Four-year-old Hylah Haynes had an hourlong car ride each day this past school year to get to her Head Start program in Ellicott City. Franora Gray said the ride was worth it.
"The program has so much," Gray said, noting that her daughter has received instruction in Spanish before even starting school.
Gray spoke before County Executive Ken Ulman, Councilwoman Courtney Watson of Ellicott City and members of the county's General Assembly delegation at an event last month held by the faith-based group People Acting Together in Howard, or PATH, urging them to allocate money to move two Head Start classrooms from Ellicott City to Columbia's Long Reach village.
On Thursday, the County Council voted 4-1 to approve Ulman's $898.8 million budget, which included $80,000 for the new site for Head Start, which has not been selected.
"We are exploring different options at this point," said Bita Dayhoff, president of the Community Action Council, in an email. The council oversees the preschool program in Howard.
Having a program nearby would make it easier on the toddlers and encourage more parents to become involved because they would not have to travel as far, Gray said.
The Head Start program is listed on the council's agenda for the quarterly meeting with the Board of Education this month.
"We're discussing Head Start, as well as a number of other programs that have to do with child care — pre-kindergarten services," said Ken Roey, director of facilities, planning and management for the school system.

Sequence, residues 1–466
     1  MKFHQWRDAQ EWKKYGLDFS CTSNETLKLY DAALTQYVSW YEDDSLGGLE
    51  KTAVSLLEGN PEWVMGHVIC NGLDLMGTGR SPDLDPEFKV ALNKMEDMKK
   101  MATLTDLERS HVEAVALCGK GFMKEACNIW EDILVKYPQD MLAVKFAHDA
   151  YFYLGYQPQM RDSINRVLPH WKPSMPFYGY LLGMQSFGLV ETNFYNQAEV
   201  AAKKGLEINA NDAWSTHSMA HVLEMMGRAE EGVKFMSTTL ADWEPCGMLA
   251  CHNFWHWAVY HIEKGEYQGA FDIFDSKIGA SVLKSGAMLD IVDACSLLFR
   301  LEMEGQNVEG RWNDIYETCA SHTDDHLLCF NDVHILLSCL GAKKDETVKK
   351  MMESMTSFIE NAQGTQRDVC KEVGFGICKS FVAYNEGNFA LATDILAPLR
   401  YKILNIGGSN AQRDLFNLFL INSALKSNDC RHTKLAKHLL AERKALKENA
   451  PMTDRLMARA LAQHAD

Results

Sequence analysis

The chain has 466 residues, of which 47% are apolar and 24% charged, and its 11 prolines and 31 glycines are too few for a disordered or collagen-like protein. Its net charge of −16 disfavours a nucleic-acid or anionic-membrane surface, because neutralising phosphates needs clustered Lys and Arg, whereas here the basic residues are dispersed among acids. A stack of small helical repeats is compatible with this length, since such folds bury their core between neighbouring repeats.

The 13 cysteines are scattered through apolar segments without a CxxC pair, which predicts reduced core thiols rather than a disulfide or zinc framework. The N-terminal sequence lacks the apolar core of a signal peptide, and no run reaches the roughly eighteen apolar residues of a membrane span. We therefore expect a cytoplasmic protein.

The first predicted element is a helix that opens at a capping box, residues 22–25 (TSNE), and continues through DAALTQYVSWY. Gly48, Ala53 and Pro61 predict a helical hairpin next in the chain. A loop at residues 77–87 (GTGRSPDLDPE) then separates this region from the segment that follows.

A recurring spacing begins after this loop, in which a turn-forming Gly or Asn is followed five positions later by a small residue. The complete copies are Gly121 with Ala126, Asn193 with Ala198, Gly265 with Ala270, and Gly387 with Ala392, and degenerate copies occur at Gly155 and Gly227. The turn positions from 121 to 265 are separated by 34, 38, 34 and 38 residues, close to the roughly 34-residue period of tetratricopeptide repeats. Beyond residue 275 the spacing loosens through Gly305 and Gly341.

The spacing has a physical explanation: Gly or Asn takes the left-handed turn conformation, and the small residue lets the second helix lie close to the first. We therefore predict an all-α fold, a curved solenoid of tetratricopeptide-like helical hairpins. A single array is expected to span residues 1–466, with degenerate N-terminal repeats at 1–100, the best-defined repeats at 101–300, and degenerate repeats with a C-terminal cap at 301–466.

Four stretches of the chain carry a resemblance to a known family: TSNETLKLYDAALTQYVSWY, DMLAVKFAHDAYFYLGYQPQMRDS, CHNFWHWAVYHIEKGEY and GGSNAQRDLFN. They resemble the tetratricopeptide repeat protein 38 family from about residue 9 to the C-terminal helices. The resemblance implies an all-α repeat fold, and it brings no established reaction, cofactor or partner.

Meanwhile, plans have been put on hold to renovate Head Start classrooms and offices at the Harriet Tubman High School building behind Atholton High School in Hickory Ridge village, where high school students gain experience in child care and childhood development.
The County Council approved funding for renovating the high school in March, which was to include improvements to the Head Start facility, but "we've seen construction prices escalate," Roey said.
The county has three Head Start locations: the Rockland Arts Center in Ellicott City, the Dasher Green center in Columbia and the program at Atholton.
"We should work together for ways that we can provide better resources," Roey said. But he noted that it can be tricky, given the different sources of funding involved.
About 700 children in the county are eligible for Head Start, according to figures in an Association of Community Services report released last fall. But the report says that for the past seven years, funding has been available for only 264 slots.
The enrollment is regulated by the federal government, said Linda Behsudi, director of Head Start in Howard.
"I was lucky," said Gray, who moved to Columbia last year. "I went in early."Copyright © 2015, The Baltimore Sun